Over the holidays we found ourselves doing a little light reading and in this case, it was Molecular Gastronomy, Exploring The Science of Flavor. Think of it as the French to English translation of all the fantastic science-y bits of Alton Brown's Good Eats. They obviously had a ball testing theory after theory for their publication and we're here to share a little bit of their findings.
To start, they tested the effects of leaving a teaspoon in a drink vs. adding milk to a hot drink. They tested both methods on a beverage that had been boiled in identical cups, in identical amounts. The teaspoon barely registered an increased rate of temperature loss, while the milk was an improvement — but not as much so as the next two options.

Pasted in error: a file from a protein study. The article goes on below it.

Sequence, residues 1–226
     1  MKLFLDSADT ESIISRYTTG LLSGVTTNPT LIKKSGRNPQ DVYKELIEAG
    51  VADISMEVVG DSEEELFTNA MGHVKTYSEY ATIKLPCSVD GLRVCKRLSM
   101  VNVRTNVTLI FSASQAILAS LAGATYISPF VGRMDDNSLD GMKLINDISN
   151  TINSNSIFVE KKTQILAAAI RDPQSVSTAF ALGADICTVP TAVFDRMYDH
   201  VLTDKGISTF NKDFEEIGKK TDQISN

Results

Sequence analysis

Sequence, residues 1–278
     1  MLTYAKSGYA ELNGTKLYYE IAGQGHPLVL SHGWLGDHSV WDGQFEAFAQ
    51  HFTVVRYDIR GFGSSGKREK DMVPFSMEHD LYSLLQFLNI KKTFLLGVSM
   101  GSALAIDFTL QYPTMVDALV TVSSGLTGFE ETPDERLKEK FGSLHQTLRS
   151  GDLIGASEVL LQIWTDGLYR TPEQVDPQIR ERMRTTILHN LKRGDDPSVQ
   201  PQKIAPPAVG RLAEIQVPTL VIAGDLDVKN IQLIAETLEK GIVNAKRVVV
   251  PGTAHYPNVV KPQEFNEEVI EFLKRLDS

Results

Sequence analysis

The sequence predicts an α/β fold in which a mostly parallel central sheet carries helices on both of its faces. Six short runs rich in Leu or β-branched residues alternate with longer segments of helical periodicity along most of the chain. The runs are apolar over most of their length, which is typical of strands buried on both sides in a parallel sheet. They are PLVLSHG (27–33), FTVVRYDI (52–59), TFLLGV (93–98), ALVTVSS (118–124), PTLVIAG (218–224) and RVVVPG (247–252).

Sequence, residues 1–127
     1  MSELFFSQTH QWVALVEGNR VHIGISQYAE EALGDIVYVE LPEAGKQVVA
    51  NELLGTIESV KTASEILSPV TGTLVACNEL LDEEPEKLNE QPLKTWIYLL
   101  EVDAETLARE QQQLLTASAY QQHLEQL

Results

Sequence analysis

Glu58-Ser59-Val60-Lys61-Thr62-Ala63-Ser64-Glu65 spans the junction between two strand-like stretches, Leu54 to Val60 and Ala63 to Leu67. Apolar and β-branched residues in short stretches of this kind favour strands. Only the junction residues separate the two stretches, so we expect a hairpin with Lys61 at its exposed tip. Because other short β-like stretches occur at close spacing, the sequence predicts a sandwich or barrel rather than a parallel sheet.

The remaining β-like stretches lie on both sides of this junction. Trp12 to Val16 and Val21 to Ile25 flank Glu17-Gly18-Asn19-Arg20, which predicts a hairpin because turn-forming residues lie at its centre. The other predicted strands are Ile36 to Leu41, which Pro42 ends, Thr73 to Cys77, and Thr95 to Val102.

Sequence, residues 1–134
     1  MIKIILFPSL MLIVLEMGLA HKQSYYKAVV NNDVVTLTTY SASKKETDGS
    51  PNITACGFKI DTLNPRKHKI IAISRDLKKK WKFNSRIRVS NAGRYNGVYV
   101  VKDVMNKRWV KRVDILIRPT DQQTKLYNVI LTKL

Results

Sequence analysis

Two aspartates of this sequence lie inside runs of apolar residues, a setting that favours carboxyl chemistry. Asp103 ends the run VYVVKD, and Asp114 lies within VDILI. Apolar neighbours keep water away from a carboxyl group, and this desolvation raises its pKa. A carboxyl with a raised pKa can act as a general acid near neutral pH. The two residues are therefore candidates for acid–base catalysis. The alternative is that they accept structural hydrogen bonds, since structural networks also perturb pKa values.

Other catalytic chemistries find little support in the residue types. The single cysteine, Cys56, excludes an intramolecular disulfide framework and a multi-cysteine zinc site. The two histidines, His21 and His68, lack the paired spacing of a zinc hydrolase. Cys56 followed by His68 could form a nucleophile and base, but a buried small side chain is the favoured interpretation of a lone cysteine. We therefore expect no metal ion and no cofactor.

Up next was stirring and blowing. Their stirred beverage lost 6 degrees per minute. Then the same test was performed while blowing across the surface of the liquid. This resulted in a loss of 11 degrees per minute, almost twice the previous test.
Though you might look silly doing it, the combination of blowing while stirring your extra-hot beverage will allow you to drink it fastest! This will maximize the surface area of contact between the air and the liquid giving you a loss of 20 degrees per minute. Winner!
So no more burned lips and tongue. In just one minute of your time you can reduce the temperature of your drink back down to something palatable instead of mouth-scalding!
(via: Molecular Gastronomy, Exploring The Science of Flavor)
(Image: Flickr member Marco Arment, licensed for use by Creative Commons)